Nov. 8 — To the Editor:
Thank you for printing Mr. Horowitz’s concern about fluoride. It is a perfect example of the misinformation that periodically creeps into the press and the minds of citizens looking for accurate information about health. I am pleased that Mr. Horowitz seems open to dialogue when he states, “the next logical step for the city would be to form a study group with experts who are able to argue both sides of the issue.”
To make a few brief points:
There are hundreds of articles supporting the benefits of fluoride.
Fluoride has had increasing use in U.S. water supplies since Jan. 25, 1945, when it was introduced in the Grand Rapids, Mich., water supply.
42 of the 50 largest cities in the U.S. use fluoridated water.
74 percent of the U.S. public water supply is fluoridated.
99.8 percent of the public water supply in Maryland is fluoridated.
79.7 percent of Maine’s public water supply is fluoridated.
New Hampshire ranks near the bottom (43rd) with 42 percent of the public water supply being fluoridated.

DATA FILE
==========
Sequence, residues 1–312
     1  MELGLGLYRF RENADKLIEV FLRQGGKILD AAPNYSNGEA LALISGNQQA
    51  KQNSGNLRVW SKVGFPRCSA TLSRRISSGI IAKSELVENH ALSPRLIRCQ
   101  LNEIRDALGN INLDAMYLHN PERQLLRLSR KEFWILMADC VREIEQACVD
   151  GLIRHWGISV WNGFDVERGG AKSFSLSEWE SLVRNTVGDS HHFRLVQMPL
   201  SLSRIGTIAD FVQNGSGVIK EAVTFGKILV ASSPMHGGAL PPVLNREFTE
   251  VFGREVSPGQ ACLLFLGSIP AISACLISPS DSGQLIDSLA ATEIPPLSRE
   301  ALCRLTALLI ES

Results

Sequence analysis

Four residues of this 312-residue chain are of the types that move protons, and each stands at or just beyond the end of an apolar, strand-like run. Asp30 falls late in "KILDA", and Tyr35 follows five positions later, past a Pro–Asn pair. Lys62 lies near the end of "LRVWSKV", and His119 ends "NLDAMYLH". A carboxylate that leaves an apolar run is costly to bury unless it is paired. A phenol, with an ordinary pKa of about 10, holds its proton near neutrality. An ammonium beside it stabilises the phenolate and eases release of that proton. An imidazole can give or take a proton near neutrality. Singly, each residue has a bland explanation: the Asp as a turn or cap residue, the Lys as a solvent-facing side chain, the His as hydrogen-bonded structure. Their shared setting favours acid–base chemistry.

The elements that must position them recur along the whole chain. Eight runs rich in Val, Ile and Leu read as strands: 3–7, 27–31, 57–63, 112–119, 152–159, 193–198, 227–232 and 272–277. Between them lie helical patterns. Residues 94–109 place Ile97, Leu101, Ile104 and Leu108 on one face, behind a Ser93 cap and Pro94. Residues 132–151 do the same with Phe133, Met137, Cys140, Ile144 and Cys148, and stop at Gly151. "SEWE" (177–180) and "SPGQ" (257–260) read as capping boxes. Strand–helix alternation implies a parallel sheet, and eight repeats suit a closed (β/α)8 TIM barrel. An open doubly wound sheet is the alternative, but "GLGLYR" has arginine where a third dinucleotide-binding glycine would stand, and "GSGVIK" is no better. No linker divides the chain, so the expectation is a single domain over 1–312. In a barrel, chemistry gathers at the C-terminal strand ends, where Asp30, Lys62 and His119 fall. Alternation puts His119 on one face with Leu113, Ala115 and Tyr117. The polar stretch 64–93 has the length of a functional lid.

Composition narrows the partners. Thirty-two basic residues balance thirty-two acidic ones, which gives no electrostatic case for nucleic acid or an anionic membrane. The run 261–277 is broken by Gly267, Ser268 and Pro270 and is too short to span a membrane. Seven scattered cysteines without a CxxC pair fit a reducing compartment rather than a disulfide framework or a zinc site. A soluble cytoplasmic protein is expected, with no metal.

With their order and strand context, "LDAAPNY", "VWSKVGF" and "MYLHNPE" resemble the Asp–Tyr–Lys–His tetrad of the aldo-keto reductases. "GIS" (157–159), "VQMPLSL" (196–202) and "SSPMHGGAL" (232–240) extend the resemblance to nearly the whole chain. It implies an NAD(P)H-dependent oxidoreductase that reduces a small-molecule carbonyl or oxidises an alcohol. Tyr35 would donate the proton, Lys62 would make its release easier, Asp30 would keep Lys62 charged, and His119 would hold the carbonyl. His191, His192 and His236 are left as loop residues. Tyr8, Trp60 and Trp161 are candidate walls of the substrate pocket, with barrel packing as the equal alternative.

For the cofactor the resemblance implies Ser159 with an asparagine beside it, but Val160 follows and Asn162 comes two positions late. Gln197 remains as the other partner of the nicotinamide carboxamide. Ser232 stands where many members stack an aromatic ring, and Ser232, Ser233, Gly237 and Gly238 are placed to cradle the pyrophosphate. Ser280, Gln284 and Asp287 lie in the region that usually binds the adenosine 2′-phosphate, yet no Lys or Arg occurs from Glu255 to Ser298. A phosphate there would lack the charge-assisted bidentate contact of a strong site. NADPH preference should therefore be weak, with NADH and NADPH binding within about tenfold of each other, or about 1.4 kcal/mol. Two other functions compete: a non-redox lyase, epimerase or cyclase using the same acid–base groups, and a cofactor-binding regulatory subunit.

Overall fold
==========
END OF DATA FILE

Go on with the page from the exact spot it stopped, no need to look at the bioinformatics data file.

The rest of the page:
In 2002, 170 million people in the U.S. (two-thirds of the population at the time) were served by fluoridated water.
The Centers for Disease Control and Prevention rank fluoridation as one of the “Ten Great Public Health Achievements.”
The American Cancer Society states, “Scientific studies show no connection between cancer rates in humans and adding fluoride to drinking water.”
Negative health claims are usually based on excessive use of fluoride. Excessive use of nearly anything such as vitamins, oxygen, chlorine and water itself can have negative effects on the body.
Support for fluoridation comes from more than 125 national and international organizations promoting health, including: the American Dental Association, the American Medical Association, the Alzheimer’s Association, the National Cancer Institute, the American Academy of Preventive Medicine, National Healthy Mothers, Healthy Babies Coalition, the U.S. Public Health Service and the World Health Organization.
Hopefully your article will result in Mr. Horowitz and the citizens of our state becoming informed about the valid science behind the well-documented benefits, safety and cost-effectiveness of water fluoridation.
New Hampshire has a serious problem with access to dental care, and to see that we rank near the bottom of all states in having fluoridated water is tragic. Fluoridation is one of the most economical public health initiatives ever and can go a long way to improving the dental health of our citizens.
I strongly urge an expansion of fluoridation in our state, and to make this the beginning of an all-out effort to educate our citizens and reduce the incidence, pain and cost of dental disease.
Neil S. Hiltunen, DMD